EXCLUSIVE: Company botches hazardous waste removal in Kalaeloa

EXCLUSIVE: Botched hazardous waste removal
Published: Apr. 11, 2014 at 11:11 AM HST
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HONOLULU (HawaiiNewsNow) - A company under investigation for storing potentially hazardous wastes was given the go-ahead by the state to move the materials but wound up botching the clean-up effort.

Hawaii News Now previously reported that FCS Inc. was storing 13 tons of building materials -- calcium hydroxide or lime -- on land owned by the state Department of Hawaiian Home Lands in Kalaeloa.

Yesterday, FCS began loading the materials onto a trailer bound for the Waimanalo Gulch landfill. But during the move, the company repeatedly spilled the substance onto the ground and into the air, creating a white plume.

"This is the textbook way not to this is not what you want to see you in environmental clean ups never ever ever," said environmental activist Carroll Cox.

"Some of it would fall over and generate this massive amount of waste in the air."

When mixed with water, calcium hydroxide becomes caustic and can burn the skin and eyes and cause respiratory problems.

But that's exactly what FCS employees did. They sprayed the substance with water to keep the dust from spreading while loading the trailers.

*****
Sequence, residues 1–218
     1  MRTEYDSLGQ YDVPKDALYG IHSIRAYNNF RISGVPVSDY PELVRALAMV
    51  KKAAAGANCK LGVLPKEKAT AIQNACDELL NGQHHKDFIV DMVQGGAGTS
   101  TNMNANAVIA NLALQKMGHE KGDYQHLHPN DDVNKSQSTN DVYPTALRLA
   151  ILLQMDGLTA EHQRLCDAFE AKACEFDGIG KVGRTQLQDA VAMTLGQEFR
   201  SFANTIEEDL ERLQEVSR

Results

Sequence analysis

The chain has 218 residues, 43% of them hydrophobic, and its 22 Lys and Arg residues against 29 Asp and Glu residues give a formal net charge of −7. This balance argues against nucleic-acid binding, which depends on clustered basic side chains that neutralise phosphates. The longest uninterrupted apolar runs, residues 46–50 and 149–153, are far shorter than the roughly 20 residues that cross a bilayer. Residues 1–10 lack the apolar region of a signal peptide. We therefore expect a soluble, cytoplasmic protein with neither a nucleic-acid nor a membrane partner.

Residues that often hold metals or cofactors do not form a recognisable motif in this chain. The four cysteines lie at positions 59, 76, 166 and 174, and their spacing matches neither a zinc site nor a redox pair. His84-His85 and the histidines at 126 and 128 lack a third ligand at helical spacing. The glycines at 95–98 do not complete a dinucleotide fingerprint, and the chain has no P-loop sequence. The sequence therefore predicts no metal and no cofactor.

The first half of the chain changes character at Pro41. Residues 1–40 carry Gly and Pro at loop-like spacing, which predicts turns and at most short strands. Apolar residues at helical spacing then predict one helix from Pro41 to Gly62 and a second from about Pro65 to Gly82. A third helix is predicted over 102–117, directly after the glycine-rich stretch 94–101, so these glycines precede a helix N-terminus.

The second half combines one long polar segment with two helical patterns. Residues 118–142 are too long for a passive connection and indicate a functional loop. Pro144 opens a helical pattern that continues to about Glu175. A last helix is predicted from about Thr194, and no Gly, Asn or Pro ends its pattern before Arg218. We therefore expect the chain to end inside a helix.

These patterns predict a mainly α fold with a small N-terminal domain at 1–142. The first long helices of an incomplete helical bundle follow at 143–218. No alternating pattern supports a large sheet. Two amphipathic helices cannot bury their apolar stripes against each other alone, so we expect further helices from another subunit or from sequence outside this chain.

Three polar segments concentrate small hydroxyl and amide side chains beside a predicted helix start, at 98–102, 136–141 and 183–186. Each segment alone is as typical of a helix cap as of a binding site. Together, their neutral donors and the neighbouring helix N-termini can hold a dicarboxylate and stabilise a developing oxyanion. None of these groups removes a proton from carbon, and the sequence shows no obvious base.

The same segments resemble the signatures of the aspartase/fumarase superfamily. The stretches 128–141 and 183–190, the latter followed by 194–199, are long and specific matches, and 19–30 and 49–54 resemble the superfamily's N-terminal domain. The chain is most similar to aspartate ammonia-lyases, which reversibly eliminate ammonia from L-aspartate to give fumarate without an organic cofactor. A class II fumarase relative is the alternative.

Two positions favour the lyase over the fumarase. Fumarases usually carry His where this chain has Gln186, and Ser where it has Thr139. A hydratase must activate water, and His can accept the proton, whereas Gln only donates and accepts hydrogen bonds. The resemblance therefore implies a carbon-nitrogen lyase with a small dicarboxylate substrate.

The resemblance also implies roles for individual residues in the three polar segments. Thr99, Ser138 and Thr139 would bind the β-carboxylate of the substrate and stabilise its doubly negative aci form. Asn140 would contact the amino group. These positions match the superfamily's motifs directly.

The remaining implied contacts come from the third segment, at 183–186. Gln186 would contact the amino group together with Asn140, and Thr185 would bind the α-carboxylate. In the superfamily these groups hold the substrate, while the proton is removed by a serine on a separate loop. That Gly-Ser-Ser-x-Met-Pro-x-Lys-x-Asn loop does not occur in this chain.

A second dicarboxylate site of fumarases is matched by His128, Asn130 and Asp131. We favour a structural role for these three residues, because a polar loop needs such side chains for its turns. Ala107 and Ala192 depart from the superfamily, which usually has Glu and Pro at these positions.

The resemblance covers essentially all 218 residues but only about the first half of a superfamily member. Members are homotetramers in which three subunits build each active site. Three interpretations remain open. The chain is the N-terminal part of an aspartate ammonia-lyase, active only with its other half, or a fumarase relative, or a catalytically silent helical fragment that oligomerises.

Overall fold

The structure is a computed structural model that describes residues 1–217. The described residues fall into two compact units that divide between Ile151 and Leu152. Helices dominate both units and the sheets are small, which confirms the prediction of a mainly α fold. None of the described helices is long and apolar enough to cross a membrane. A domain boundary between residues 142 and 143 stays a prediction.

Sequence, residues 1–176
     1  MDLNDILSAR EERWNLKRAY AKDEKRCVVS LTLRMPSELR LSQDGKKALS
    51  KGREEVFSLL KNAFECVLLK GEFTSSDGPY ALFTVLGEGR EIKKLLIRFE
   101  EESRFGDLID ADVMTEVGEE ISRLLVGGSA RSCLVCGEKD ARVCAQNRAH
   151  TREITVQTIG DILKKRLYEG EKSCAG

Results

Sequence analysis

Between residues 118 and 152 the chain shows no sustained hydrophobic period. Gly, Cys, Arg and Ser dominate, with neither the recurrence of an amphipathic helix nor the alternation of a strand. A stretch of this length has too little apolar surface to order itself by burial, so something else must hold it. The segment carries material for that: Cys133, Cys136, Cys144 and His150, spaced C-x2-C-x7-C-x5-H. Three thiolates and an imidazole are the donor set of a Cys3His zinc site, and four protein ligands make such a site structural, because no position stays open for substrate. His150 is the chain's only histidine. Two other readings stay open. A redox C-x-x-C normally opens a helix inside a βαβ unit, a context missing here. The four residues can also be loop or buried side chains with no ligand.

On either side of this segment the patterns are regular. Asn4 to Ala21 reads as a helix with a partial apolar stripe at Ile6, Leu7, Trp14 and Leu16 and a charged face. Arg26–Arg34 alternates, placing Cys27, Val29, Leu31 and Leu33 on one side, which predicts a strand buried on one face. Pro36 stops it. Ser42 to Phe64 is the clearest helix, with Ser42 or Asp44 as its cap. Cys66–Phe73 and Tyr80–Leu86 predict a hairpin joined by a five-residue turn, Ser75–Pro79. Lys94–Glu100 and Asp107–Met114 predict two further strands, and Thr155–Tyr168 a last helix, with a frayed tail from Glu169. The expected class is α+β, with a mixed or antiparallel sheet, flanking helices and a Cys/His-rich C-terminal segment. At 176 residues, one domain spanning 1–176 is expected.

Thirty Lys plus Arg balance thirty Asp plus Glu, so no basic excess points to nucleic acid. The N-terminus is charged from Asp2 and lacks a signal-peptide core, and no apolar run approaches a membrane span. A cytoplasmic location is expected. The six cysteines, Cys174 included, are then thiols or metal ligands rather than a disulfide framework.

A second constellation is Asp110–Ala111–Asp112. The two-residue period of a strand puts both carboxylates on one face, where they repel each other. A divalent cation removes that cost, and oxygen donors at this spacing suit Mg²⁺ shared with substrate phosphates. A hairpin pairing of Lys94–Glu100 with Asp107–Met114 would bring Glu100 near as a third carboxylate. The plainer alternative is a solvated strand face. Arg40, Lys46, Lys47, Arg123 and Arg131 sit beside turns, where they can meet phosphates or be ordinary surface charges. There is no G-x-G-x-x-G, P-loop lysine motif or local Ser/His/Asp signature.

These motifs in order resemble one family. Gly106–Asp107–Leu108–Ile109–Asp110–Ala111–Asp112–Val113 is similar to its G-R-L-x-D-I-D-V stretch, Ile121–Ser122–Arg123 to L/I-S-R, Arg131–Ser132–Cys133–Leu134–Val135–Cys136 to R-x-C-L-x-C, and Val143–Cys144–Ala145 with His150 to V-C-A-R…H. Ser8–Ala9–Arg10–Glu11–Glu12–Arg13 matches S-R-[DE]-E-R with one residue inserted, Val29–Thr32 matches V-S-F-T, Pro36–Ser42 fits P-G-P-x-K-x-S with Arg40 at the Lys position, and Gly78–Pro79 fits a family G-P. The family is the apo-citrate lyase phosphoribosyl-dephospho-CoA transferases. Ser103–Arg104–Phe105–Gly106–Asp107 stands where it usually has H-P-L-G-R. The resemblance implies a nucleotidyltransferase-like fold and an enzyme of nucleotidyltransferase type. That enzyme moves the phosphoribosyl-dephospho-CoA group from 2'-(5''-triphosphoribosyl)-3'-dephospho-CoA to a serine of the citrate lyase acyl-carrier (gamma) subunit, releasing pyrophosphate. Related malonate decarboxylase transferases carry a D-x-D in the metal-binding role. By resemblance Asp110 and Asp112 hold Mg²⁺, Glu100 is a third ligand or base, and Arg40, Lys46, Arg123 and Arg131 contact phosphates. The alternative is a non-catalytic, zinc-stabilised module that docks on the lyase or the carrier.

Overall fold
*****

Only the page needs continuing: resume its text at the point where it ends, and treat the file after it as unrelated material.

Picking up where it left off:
Neighbors say they're worried about the fallout.

"This white powder was flying all around the place," said Chad Soares, owner of Soares Trucking.

"It's obviously not safe."

The man who operated the front-end loader when it spilled is Floyd Carns, who heads FCS. His company is responsible for storing the materials in the first place. Carns declined comment.

Carns was able to move the calcium hydroxide after getting approval from the state Health Department's hazardous waste branch even though it is still investigating the materials.

The state yesterday ordered him to stop spraying the substance with water after finding out about the mishap. Cox blame the state for not supervising the move.

"You can't sit in the office and take something of this magnitude and managed it from afar. You just can't do it," Cox said.

"The state Health Department and the Hawaiian Home Lands is aware as to who generated this waste and I think they should be directly down here."

City Councilwoman Kymberly Pine believes that illegal dumps are a big problem in Leeward Oahu. She's introducing legislation to increase fines to $5,000 per day from $1,000. She also wants to repeat offenders subject to jail time.

The bills will be heard by the City Council next week.

"What we found is that it was more financially beneficial to do the illegal dumping than (the offenders) are being harmed by the fines," Pine said.

"So this really makes it very expensive to be caught doing illegal grading and stockpiling."

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